Aiming to close the pay gap between men and women, Philadelphia City Council will consider barring employers from asking applicants how much they made in previous jobs.
Advocates say such legislation targets a persistent problem: women and minorities receiving low wages in their first jobs that follow them into the future.
"It's just fair to pay people for what the job is worth, not for what they had been paid in the past," said Councilman William K. Greenlee, who will introduce the legislation. "Is past salary really a true consideration? It should be based on what the job is and what the person's experience and abilities are."
The legislation mirrors a bill passed this summer in Massachusetts, the first such law.
The effort has spurred other spin-offs, including a bill introduced in the Pennsylvania statehouse last week and one introduced in August in New York City. Federal legislation was introduced in the House earlier this month.
Gender pay inequality is taking a more prominent spot on the national stage. Democratic presidential nominee Hillary Clinton has repeatedly raised the subject, making it a central theme of her campaign. Republican nominee Donald Trump's daughter Ivanka, in her speech at this summer's Republican National Convention, heralded her father's support of equal pay.
According to the U.S. Census Bureau, women make 79 cents for every dollar made by men. The divide is less severe but still substantial in Philadelphia, according to a 2015 review by the American Association of University Women, which found women in the two congressional districts that encompass the city make 88 percent and 90 percent of what men make. In the districts that represent the suburbs surrounding Philadelphia, the disparity ranges from 78 percent to 87 percent.
Proponents of wage-gap legislation say the problem starts with women being paid less than men in their first job, creating an inequality maintained when they are asked to state their salary histories when applying for new jobs.
"Basing compensation on an applicant's prior wages instead of the value of the work perpetuates and amplifies the wage gap, which typically widens as women get older," said Terry L. Fromson, managing attorney at the Pennsylvania Women's Law Project.
Fromson said the wage gap is more acute for minorities, "which makes this legislation especially important in diverse cities like Philadelphia."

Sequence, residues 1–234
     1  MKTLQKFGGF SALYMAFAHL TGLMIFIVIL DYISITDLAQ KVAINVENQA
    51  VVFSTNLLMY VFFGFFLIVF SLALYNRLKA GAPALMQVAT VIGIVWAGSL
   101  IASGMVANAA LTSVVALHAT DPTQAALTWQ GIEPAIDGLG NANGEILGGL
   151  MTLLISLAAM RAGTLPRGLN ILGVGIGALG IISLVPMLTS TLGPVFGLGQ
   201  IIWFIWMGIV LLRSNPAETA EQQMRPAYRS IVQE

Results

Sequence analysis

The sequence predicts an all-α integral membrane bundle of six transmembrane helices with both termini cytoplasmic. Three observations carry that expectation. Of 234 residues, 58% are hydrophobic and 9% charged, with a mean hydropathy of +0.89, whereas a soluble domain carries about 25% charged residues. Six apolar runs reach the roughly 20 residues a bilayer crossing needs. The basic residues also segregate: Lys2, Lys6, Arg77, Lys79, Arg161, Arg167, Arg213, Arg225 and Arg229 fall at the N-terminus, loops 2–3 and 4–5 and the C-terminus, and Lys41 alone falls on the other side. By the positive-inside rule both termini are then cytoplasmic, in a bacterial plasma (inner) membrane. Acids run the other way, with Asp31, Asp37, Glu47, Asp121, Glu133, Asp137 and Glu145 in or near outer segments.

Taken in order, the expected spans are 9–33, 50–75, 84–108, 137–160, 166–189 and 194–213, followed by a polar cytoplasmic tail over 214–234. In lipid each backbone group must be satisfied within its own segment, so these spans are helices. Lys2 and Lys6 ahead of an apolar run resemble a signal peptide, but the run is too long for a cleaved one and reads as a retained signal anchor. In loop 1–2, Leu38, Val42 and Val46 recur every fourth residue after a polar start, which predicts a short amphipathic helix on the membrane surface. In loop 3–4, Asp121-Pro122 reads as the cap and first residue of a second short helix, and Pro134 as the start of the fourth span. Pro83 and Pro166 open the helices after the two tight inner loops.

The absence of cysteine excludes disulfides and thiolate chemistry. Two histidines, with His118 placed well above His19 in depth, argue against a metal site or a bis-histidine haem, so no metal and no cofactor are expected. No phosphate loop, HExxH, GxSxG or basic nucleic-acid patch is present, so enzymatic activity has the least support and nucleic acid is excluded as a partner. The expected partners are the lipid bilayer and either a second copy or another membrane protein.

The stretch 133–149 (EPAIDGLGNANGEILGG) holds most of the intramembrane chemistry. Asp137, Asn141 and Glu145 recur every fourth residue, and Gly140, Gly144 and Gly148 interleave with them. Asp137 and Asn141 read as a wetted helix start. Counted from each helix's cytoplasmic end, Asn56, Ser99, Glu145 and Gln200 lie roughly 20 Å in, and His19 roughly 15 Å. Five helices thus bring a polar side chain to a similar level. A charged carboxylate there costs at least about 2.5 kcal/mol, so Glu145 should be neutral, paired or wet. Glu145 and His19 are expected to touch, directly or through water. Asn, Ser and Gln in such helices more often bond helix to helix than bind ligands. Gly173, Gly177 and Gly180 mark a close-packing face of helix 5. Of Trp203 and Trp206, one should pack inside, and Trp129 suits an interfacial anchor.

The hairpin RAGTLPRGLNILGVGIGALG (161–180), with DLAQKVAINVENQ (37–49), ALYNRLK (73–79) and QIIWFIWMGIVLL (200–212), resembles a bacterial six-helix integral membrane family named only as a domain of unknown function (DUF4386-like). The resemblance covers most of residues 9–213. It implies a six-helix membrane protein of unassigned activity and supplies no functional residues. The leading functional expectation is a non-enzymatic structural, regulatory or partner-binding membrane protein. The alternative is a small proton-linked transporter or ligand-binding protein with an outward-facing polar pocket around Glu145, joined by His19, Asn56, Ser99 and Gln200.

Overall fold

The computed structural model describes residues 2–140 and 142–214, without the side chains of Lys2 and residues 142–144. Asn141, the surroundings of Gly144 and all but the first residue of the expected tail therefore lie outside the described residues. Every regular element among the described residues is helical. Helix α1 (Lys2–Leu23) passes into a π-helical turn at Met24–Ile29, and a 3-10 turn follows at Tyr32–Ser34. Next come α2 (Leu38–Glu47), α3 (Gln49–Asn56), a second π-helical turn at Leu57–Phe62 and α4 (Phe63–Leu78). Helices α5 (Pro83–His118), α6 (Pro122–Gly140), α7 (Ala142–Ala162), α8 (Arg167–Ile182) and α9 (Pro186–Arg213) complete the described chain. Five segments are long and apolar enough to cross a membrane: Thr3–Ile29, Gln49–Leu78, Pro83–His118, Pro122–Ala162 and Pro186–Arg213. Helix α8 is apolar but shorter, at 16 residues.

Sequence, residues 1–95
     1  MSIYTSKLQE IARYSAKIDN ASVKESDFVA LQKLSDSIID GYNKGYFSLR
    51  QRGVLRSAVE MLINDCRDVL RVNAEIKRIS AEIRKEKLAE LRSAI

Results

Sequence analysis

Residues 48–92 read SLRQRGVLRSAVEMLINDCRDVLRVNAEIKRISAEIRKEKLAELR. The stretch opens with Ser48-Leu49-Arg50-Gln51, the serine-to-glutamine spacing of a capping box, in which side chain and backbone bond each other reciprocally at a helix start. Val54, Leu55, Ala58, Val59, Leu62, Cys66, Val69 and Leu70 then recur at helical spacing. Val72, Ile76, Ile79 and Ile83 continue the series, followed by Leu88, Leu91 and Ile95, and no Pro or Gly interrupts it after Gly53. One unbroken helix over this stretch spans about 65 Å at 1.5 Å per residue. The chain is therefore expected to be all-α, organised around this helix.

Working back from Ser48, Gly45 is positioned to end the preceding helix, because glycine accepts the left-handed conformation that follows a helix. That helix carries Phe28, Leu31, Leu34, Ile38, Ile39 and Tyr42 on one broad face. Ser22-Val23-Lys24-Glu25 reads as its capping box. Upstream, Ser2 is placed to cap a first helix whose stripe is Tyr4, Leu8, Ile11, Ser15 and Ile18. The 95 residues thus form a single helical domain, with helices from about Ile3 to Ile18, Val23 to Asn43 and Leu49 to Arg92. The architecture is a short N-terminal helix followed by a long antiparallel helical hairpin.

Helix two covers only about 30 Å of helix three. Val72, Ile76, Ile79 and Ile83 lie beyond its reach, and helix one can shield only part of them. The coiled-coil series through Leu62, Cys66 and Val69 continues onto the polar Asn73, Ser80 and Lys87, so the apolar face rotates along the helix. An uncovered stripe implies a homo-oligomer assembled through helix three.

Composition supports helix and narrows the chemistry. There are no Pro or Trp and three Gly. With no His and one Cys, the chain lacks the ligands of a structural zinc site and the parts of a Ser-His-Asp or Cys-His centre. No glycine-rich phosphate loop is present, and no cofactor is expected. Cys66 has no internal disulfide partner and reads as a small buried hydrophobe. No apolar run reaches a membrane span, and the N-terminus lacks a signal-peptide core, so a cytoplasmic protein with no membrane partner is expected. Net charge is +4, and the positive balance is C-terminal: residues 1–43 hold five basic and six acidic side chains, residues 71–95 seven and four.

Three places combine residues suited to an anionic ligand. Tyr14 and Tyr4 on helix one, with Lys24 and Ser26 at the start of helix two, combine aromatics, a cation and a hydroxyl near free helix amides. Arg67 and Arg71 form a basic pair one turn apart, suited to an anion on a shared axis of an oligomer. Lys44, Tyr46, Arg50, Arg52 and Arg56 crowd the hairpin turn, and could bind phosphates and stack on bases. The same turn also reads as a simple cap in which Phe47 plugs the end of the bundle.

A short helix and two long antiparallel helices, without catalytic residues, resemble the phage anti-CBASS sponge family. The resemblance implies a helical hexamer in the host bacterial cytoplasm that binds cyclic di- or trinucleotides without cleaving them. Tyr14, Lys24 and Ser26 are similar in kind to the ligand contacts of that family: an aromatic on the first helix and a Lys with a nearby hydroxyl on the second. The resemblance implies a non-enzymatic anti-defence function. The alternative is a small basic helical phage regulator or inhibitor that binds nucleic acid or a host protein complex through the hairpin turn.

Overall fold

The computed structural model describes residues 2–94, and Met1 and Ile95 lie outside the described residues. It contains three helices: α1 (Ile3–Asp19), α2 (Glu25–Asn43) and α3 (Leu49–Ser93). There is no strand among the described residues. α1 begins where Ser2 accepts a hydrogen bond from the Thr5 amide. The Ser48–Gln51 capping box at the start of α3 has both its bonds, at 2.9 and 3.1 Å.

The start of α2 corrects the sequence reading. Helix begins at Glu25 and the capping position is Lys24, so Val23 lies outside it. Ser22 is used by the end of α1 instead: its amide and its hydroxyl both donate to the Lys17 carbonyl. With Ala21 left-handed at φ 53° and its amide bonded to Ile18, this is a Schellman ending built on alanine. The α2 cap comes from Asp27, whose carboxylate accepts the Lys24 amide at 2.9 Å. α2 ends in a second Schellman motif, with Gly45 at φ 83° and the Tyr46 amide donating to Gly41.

Greenlee's legislation would bar employers not just from asking about salary history but from seeking out that information on their own. Pay information, for example, is accessible online for many government employees.
Applicants who think the law has been broken could file a complaint within 300 days to the city's Commission on Human Relations, which would have the ability to fine employers $2,000 and order them to pay other damages, including the applicant's attorneys' fees.
Kate Hagedorn, director of civic affairs for the Philadelphia Chamber of Commerce, said the chamber was reaching out to its members for input on the proposed law and declined to comment. The state legislation was introduced last week by Reps. Maria Donatucci and Donna Bullock, Democrats whose districts include parts of Philadelphia. That bill would bar questions about salary history while also making it illegal for employers to prohibit employees from discussing their salaries with one another, a restriction that could keep workers in the dark about pay inequalities.
Greenlee said he plans to pursue the city legislation despite the state bill because he thinks it could have a better chance of gaining traction in a city like Philadelphia than statewide. He pointed to the city's legislation requiring employers to provide paid sick leave and creating an office to investigate wage theft, both efforts led by his office.
"I don't think there's anything wrong with us pursuing this," Greenlee said. "And if in the end we pass this law and later the state passes it or, even better, the whole country passes it, beautiful."